One thing I have found that actually creates an enviroment that causes mistakes to be hidden is where a heavy hand comes down from those in seniour positions if one makes a mistake. Of course, safety needs to be the goal here, but sometimes an enviroment only becomes unsafe when there is a fear to speak about situations that one may have done the wrong thing and wants to know what one should have done in that circumstance.... Or that the job has been made impossible to follow the rules without bending them and communication needs to be made putting oneself at risk of exposing wrong doing to correct the situation to put it right. An example is where I would often be in situations where safety was compromised due to strong union input where to me personally, safety of people is far more important than who does what when it comes to a potential serious injury! I remember saying to one employee who said he would call a strike if I touched a sharp jagged piece of glass that people would have stepped on as it was on a stairs that because he has stopped me from picking it up and placing it in the nearby bin (Just a few feet away) because I was not the official staff member delegated for doing it (He was not available for 2 hours), that if one person accidently stepped on it they could claim of the guy stopping me and I will tell them his name and give them his details and be a witness to the event. I won't stand for that union crap! Safety comes first! (I would have sacked him union or not! All he had to do was bend down and pick it up and put it in the bin a few feet away and most union members would agree with me and if unions do not see common sense to prevent a severe injury they should not recieve a penny from their members!)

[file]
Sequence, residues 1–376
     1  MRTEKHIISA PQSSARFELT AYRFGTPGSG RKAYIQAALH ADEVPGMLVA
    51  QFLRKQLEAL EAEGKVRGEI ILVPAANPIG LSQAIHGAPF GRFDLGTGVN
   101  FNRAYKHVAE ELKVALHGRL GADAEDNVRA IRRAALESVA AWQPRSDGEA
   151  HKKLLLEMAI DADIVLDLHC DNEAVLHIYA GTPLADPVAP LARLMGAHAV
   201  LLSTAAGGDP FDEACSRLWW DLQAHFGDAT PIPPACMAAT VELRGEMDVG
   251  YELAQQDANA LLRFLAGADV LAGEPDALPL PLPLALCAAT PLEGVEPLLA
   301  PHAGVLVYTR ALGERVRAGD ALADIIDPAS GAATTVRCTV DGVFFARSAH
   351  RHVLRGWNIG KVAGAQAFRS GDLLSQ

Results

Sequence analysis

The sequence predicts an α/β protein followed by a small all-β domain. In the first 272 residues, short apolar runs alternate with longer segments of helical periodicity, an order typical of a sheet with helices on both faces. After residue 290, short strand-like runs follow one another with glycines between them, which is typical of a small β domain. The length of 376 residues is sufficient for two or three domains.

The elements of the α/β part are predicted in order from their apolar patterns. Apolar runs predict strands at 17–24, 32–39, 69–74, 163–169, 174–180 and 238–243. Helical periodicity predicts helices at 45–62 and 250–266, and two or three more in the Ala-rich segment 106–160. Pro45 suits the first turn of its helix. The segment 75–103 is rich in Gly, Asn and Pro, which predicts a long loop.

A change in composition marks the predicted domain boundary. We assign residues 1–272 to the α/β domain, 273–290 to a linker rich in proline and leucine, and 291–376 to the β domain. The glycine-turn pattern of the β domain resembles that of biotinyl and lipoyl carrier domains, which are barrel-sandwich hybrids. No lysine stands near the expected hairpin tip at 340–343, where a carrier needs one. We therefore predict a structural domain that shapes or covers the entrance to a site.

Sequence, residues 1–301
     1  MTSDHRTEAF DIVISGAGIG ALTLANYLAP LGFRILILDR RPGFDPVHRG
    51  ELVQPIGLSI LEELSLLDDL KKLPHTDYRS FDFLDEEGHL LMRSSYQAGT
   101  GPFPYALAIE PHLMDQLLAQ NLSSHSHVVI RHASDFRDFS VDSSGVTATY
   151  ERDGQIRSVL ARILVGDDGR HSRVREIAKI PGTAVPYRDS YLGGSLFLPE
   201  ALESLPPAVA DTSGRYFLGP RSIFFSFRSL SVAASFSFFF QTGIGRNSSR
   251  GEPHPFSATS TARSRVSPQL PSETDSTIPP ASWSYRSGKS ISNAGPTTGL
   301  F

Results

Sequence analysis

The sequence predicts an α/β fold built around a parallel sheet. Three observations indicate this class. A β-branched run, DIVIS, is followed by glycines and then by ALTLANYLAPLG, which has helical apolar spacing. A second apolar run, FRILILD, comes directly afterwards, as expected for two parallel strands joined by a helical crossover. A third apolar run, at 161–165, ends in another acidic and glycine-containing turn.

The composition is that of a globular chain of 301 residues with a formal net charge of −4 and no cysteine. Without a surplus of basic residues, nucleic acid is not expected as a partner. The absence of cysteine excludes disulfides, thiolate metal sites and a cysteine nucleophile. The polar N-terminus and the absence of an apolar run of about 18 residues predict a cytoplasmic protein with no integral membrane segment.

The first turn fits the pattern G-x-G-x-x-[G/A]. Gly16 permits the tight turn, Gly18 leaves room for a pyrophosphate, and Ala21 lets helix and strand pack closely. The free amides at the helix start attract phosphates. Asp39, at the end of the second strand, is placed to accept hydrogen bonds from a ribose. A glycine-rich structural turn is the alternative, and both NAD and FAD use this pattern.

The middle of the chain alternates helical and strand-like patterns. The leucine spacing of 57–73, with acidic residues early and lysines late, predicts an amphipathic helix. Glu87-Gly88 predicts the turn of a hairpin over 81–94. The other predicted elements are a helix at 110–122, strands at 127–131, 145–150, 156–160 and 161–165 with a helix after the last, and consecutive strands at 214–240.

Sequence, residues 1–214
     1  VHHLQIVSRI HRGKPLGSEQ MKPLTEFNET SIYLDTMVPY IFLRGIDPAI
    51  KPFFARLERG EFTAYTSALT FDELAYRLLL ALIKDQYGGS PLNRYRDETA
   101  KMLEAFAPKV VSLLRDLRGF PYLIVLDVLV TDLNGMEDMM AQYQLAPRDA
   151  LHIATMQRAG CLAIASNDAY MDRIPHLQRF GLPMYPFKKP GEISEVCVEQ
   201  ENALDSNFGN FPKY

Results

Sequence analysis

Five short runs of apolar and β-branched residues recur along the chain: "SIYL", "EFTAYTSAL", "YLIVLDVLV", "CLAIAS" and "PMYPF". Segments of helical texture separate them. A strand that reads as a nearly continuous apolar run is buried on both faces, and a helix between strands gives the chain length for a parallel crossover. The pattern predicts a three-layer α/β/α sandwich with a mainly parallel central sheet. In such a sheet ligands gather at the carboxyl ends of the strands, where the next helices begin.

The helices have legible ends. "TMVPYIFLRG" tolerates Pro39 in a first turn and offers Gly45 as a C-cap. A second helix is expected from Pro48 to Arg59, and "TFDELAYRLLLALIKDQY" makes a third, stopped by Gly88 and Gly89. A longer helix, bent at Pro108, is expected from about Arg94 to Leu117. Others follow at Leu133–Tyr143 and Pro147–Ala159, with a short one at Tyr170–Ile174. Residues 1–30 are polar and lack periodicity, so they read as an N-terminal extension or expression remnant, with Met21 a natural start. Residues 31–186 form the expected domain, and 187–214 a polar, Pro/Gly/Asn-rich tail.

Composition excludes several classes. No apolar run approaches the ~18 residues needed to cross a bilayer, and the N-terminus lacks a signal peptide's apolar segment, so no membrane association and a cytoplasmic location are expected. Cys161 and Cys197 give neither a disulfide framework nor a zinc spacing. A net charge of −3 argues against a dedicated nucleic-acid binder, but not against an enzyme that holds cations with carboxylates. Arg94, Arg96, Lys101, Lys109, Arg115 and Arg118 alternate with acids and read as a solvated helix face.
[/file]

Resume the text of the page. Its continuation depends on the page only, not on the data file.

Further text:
A company that wants to hear when things go wrong so they can find ways and methods to correct those mistakes, is a company that is going places! Companies that refuse to listen and all avenues are blocked where there is a "Them and us" situation going on between head office and the workers are companies that are not going to succeed as their competition will overtake them, as competing companies will have staff all working together as one well oiled productive and efficient machine and everyone should be included to reap the rewards... I have worked foe companies like that. I have also worked for companies that were the opposite. The good ones I have fond memories of and I speak highly of the managers and the managing directors as they were really great people who stood on behalf of the little guys who worked for them!



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16 Jun 2022, 7:53 am

An alternative to cutting is DBT TIPP

google or check youtube for more info.

One article:

DIALECTICAL BEHAVIOR THERAPY (DBT) DISTRESS TOLERANCE SKILLS: TIPP SKILLS

tipp skills to cope with emotions

Dialectical Behavior Therapy (DBT) focuses on teaching patients and families several strategies to help tolerate painful emotions and to manage difficult situations in the best way possible.

We all face situations that are out of our control, that are difficult to tolerate, and that cause us to feel emotionally out of control.

TIPP skills are made for just these types of situations and aim to help you regulate your emotions so that you are better able to think clearly and problem solve.

T stands for Tip The Temperature

In order to calm down quickly, try holding your breath and putting your face in a bowl of cold water or holding a cold pack on your eyes and cheeks for at least 30 seconds. This will cue your mammalian diving reflex which is a natural reflex that occurs in all mammals and is triggered in humans when our faces are submerged in cold water.

The reflex causes our body chemistry to change—heart rate drops down immediately and the parasympathetic nervous system is activated to prompt a relaxation response. Make sure to keep water above 50 degrees Fahrenheit

I stands for Intense Exercise

Try to engage in intensive exercise, even if it’s only for a short amount of time. Exercising intensely will help your body get rid of negative energy that can sometimes be stored from strong emotions.